Documentary series. An investigation into sinkholes caused by collapsed mine shafts, and a homeowner reports how he is stuck in an unsellable house that is surrounded by sinkholes.
Runtime: 60 minutes
Sinkholes - Bayou Corne sinkhole - Netflix
The Bayou Corne Sinkhole was created from a collapsed underground salt dome cavern operated by Texas Brine Company and owned by Occidental Petroleum. The sinkhole, located in northern Assumption Parish, Louisiana, was discovered on August 3, 2012, and 350 nearby residents were advised to evacuate. Scientists have stated that the evacuation order could last for years.
Sinkholes - Impact - Netflix
The residents of Bayou Corne, who as of March 2014 have been evacuated for 19 months, have involved themselves in a protracted legal battle with Texas Brine. From the start of the evacuation, each resident received checks from Texas Brine for $875 per week. Some residents receive these checks without having even left the town, in defiance of the evacuation order. One such resident, Mike Schaff, said of Texas Brine’s financial settlement option “They think we’re just a bunch of ignorant coonasses." Nine months after the evacuation, Governor Jindal threatened to sue Texas Brine unless they offered a buyout option to residents. Accordingly, Texas Brine offered to deal with the 350 affected residents. As of March 2014, 65 people had accepted some form of buyout. Others have opted to join a class-action lawsuit against Texas Brine which was set to go to trial in 2014. The ecological effects of these developments on local flora and fauna are yet unstudied, but the sinkhole continues to destroy nearby cypress trees, swallowing them during expansion. The Atlantic’s Tim Murphy has summarized the incident thusly: “Bayou Corne is the biggest ongoing industrial disaster in the United States you haven't heard of.” One class-action lawsuit led to a proposed $48.1 million settlement in 2014, although some residents felt that the legal fees to be awarded ($12.03 million) were too high a percentage of the total. In September 2014, Texas Brine requested a permit to discharge wastewater back into the Bayou Corne sinkhole in an effort to fix some of the damage it has caused, which sent former and current residents of the town into a frenzy as a heated debate ensued over whether the company believed to be responsible for severe damage and loss of homes should be given permission to tamper more with an area already considered to be “deeply contaminated,” as environmental activist Nara Crowley stated. In July 2015, Texas Brine began a series of lawsuits against Occidental Petroleum, claiming that an oil well drilled by Occidental Petroleum in 1986 triggered the cavern wall break that led to the creation of the sinkhole. Texas Brine is currently seeking $100 million in damages from Occidental Petroleum over the issue. In 2018, it was reported that a state district judge ruled that fault was shared among three companies: Texas Brine was 35% at fault, Occidental Chemical was 50% at fault, and Vulcan was 15% at fault. Appeals to the ruling are expected.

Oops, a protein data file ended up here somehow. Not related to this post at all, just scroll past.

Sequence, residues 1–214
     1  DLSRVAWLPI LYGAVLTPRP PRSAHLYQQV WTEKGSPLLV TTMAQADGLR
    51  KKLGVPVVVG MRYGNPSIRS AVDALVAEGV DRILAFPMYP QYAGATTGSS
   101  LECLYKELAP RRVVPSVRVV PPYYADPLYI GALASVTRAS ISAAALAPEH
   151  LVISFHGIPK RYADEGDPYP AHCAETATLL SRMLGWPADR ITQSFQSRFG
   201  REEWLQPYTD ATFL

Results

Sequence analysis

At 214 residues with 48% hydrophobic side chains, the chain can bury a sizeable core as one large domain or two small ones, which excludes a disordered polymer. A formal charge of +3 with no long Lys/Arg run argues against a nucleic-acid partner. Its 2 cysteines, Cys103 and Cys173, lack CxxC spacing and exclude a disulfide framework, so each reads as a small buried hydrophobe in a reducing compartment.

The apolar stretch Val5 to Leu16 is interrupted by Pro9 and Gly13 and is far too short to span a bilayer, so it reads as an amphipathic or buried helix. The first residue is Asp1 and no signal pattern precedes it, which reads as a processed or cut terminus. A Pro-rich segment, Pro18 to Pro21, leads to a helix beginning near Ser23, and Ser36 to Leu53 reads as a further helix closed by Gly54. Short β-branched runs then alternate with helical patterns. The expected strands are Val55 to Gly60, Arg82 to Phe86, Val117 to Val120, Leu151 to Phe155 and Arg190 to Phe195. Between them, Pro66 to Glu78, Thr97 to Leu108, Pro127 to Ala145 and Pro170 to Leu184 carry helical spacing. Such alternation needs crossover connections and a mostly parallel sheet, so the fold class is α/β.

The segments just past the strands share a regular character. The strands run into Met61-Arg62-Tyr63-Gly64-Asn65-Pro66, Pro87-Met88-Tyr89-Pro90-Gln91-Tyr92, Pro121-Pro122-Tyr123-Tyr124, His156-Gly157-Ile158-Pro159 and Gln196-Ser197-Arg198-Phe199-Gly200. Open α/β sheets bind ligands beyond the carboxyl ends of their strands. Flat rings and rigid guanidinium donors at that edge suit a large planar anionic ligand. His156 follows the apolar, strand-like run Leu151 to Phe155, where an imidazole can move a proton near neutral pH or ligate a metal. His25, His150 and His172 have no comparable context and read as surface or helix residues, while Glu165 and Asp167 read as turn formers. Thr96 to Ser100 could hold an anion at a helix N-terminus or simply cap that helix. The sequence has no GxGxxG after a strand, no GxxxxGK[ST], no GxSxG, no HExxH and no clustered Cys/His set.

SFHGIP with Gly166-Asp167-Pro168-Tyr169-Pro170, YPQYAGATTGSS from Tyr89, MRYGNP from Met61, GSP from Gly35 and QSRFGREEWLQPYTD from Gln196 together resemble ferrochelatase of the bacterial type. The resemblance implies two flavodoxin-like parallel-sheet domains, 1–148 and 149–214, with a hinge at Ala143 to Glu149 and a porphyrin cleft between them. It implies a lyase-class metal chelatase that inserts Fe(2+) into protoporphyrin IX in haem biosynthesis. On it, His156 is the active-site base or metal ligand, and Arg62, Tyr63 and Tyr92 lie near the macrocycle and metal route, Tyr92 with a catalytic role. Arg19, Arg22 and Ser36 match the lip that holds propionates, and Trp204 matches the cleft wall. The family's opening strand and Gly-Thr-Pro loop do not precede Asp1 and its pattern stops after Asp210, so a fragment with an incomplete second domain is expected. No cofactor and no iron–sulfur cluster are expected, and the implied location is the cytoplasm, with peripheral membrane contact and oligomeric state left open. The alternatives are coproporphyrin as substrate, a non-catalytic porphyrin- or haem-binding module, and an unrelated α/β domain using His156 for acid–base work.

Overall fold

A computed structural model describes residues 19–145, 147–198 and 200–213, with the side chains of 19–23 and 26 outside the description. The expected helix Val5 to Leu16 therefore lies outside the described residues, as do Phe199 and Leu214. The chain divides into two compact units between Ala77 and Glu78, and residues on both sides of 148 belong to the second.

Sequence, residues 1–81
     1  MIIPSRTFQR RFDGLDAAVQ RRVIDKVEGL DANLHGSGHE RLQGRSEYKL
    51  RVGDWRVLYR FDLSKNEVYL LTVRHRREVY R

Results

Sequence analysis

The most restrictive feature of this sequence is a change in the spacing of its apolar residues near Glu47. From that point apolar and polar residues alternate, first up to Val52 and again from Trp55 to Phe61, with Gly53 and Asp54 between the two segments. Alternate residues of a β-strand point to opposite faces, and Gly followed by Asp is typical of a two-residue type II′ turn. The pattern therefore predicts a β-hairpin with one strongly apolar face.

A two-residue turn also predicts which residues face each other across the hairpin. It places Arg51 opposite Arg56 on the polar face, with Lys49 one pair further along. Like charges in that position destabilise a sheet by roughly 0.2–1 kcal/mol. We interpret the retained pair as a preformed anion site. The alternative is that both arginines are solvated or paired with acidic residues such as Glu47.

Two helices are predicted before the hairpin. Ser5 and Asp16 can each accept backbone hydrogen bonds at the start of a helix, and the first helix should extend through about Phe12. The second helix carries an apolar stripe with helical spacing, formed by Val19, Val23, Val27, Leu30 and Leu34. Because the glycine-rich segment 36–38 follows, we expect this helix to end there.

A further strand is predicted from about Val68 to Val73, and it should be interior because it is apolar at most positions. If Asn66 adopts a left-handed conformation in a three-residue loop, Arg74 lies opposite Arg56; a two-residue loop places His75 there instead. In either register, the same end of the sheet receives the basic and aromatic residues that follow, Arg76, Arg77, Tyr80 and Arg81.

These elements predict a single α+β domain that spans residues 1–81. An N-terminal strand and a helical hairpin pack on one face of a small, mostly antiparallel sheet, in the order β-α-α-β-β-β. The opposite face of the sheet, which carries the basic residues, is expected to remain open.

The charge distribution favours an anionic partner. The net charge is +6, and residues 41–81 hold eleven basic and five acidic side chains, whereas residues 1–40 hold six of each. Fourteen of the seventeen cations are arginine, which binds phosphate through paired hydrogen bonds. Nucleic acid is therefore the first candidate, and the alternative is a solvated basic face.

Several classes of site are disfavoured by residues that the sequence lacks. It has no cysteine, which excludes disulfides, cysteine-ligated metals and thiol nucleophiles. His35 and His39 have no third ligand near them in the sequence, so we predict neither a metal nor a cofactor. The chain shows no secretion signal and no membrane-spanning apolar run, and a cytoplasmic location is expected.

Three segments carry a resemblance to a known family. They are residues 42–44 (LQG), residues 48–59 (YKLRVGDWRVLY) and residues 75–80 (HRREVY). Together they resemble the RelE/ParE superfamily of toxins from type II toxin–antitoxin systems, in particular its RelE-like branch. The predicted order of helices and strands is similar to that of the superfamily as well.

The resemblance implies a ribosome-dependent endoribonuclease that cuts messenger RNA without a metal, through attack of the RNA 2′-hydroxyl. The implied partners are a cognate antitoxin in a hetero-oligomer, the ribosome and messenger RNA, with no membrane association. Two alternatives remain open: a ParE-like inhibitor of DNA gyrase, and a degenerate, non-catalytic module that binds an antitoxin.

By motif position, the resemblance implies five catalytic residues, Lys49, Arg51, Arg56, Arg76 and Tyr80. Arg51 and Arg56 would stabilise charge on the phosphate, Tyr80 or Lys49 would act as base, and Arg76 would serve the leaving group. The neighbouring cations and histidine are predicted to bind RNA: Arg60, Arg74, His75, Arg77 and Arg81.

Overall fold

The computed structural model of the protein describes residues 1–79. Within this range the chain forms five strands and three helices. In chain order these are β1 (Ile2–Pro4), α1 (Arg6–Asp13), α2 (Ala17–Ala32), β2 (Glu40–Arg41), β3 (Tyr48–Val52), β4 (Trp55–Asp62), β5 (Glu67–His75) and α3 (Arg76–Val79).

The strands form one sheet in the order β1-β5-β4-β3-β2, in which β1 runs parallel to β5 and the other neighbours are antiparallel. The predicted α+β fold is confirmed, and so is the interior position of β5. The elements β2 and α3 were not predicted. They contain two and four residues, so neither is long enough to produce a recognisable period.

Sinkholes - References - Netflix